Thai media came under fire Wednesday for publishing images of a man killing his infant daughter in a Facebook Live video, a grim case that sparked outrage and raised fears of copycat killings.
The video, filmed Monday on the southern resort island of Phuket, showed Wuttisan Wongtalay hang his 11-month daughter, Natalie, from an abandoned building before taking his own life, according to police in charge of the case.
The footage was online for around 24 hours before it was removed on Tuesday, prompting cries for Facebook to move more swiftly to take down clips of grisly crimes and killings.
A Thai media body also slammed news outlets that showed graphic images of the crime.
At least one major Thai daily printed an image of the murder-suicide on its front page Tuesday, while several TV channels also aired segments of the video.
“The News Broadcasting Council of Thailand received complaints about reporting on a man who killed his child and himself via Facebook Live,” the organisation said in a statement.
“Those reports were inappropriate,” it added, warning channels and newspapers against giving graphic coverage to similar crimes because they “may lead to copycats with the understanding that those actions will draw attention.”
Thai newspaper front pages are often splashed with bloody, lurid imagery.
But netizens expressed horror over the killing and said this time the coverage had gone too far.
“It was a news story, not a horror movie. Was it really necessary to release the soundbite?” one commentator wrote in the online forum Pantip, referring to audio played by some media from the Facebook Live stream.
Police said they believe the killing was motivated by jealousy from Wuttisan, 20, who feared his 22-year-old partner was poised to leave him for a man she had another child with.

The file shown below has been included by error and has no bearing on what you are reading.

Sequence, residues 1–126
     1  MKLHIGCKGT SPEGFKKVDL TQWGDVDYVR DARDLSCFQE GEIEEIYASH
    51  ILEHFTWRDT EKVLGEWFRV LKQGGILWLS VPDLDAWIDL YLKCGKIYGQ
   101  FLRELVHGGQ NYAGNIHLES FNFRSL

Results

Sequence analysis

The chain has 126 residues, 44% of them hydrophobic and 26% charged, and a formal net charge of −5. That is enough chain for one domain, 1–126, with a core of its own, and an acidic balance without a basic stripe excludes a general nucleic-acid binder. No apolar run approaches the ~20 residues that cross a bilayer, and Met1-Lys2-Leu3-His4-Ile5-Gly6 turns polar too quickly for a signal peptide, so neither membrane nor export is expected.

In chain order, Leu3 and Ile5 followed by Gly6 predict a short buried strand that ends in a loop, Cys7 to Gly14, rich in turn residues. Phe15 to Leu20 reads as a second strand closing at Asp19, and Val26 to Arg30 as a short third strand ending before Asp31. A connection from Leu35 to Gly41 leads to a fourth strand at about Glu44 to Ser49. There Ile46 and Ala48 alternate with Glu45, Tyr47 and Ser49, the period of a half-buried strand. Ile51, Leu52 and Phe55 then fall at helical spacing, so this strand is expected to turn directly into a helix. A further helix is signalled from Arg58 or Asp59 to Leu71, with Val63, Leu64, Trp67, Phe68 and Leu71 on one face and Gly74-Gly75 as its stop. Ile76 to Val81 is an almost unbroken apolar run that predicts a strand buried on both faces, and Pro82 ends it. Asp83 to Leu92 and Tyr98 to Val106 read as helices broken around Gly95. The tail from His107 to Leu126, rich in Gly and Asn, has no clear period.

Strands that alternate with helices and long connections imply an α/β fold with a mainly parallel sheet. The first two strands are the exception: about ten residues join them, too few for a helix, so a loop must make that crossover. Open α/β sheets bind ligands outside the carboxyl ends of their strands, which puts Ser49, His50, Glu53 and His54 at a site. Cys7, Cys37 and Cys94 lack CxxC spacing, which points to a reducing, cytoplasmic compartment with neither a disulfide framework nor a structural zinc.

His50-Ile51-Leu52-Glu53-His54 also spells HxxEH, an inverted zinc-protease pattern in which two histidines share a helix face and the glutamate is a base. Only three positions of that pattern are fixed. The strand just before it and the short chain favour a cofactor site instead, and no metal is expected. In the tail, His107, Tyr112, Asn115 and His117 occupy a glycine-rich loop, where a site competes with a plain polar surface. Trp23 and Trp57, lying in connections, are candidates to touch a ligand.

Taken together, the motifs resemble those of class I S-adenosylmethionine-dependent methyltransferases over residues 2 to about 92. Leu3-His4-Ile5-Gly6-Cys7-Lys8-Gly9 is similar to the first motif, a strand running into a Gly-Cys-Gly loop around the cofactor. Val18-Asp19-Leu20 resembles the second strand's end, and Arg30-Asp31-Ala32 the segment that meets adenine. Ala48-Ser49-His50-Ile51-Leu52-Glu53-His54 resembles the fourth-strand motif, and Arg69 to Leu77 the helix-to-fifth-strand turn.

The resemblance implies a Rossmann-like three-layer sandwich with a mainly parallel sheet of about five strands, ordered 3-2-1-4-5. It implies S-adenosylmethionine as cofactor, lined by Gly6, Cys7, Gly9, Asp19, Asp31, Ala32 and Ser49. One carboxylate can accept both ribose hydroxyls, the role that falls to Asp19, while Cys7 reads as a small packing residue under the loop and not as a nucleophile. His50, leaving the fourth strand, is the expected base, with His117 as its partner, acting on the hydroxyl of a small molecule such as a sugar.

Funeral rites for the baby began late Tuesday and she is expected to be cremated later this week.
– ‘A lot of work to do’ –
In a statement late Tuesday Facebook described the incident as “appalling”.
“There is absolutely no place for content of this kind on Facebook and it has now been removed,” the social network told AFP.
The killing was only the latest grisly crime to be published on Facebook, reviving questions about if and how such videos can be monitored.
Last week Facebook chief Mark Zuckerberg vowed to address the issue after a man in the US state of Ohio broadcast footage of himself shooting a stranger dead.
The killer went on to fatally shoot himself after a massive manhunt and police chase.
Zuckerberg conceded that Facebook had “a lot of work” to do on the issue.
Facebook already has a 24-hour team of moderators who decide whether to remove content that is reported to them. Suicides and crimes are prioritised.
But the network says they are limited by the sheer volume of content posted online each day.
A Thai police spokesman said officers moved quickly to alert the kingdom’s digital ministry about the video, which contacted Facebook about taking it down.
“We have only a handful of police officers on duty (to monitor the web) so we have to rely heavily on the public to keep us informed,” deputy national police spokesman Colonel Krissana Pattanacharoen told AFP.